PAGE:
Florida to get 6-week abortion ban, but abortion access will be on 2024 ballot

If the amendment passes, it would override the six-week ban.
Abortion rights supporters gathered at Joe Chillura Courthouse Square in Tampa Sunday, Jan. 22, 2023, which marks the 50th anniversary of the Roe v. Wade Supreme Court decision.
Abortion rights supporters gathered at Joe Chillura Courthouse Square in Tampa Sunday, Jan. 22, 2023, which marks the 50th anniversary of the Roe v. Wade Supreme Court decision. [ AYA DIAB | Times ]
Published April 1|Updated April 2

TALLAHASSEE — The Florida Supreme Court on Monday ruled that the state’s Constitution does not protect access to abortion, letting the current 15-week ban stand and triggering a stricter six-week ban.

That six-week ban is now set to take effect in 30 days.

But the court separately on Monday gave the OK for an amendment to go on November’s ballot that would protect abortion.

Justices voted 6-1 — with Justice Jorge Labarga dissenting — to uphold the constitutionality of the 15-week abortion law signed by Gov. Ron DeSantis in 2022. The ruling was a departure from precedent set in the 1980s that said the state’s right to privacy protected the decision about whether to terminate a pregnancy.

When Florida lawmakers last year passed a six-week ban, they wrote a trigger provision setting it to take effect after a court ruling in favor of the 15-week abortion law.

The change will disrupt abortion access not only in Florida, but for women across the southeastern U.S., giving them fewer places to turn to for legal abortions in a part of the country where many states ban abortion almost entirely.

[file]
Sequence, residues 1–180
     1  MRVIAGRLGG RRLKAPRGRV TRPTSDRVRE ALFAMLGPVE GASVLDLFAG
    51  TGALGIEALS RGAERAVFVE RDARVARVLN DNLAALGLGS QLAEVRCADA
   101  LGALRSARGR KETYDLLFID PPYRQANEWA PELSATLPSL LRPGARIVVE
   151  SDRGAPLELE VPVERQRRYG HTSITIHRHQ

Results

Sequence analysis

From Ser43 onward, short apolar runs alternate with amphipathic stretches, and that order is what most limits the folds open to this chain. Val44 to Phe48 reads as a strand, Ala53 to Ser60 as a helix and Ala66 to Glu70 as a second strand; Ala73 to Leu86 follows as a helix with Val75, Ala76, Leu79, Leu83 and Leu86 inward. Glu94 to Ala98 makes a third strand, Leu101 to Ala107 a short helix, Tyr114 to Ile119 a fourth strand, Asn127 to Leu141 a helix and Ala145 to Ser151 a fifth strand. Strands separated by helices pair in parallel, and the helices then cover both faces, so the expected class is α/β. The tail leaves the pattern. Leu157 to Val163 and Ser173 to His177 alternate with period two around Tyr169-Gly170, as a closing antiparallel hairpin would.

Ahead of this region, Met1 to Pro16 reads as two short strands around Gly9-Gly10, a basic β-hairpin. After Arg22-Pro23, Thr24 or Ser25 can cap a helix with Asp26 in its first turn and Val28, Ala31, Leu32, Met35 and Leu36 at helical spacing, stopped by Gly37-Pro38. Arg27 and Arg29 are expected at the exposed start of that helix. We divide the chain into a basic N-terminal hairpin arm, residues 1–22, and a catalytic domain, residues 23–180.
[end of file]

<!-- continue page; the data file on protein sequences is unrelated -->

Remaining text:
The justices were more split in their amendment decision, deciding in a 4-3 margin to allow it on the ballot. The amendment has been championed by abortion-rights groups and supported financially by groups like Planned Parenthood.

The amendment’s text in part reads that “no law shall prohibit, penalize, delay, or restrict abortion before viability or when necessary to protect the patient’s health, as determined by the patient’s healthcare provider.” Viability is estimated to be around 24 weeks of pregnancy.

Attorney General Ashley Moody had challenged the amendment as misleading, but the majority of Florida justices said it wasn’t. In a majority court opinion, Justices Carlos Muñiz, Charles Canady, John Couriel and Labarga said the amendment’s broad sweep is obvious from its summary, and denying that “requires a flight from reality.”

In a statement, DeSantis said that the three dissenting justices — Jamie Grosshans, Renatha Francis and Meredith Sasso — got it right. All three are DeSantis appointees, as are Muñiz and Couriel.

“This amendment is misleading and will confuse voters,” Julia Friedland, a spokesperson for DeSantis, said in a statement. “The language hides the amendment’s true purpose of mandating that abortions be permitted up to the time of birth.”

At least 60% of voters are needed to approve the amendment. If passed, it would effectively undo the six-week abortion ban only months after it goes into effect. It could also undo Florida’s current mandatory 24-hour delay before an abortion. Parents would still be notified before a minor child has an abortion, but passage of the proposed amendment could undo laws that require parental consent.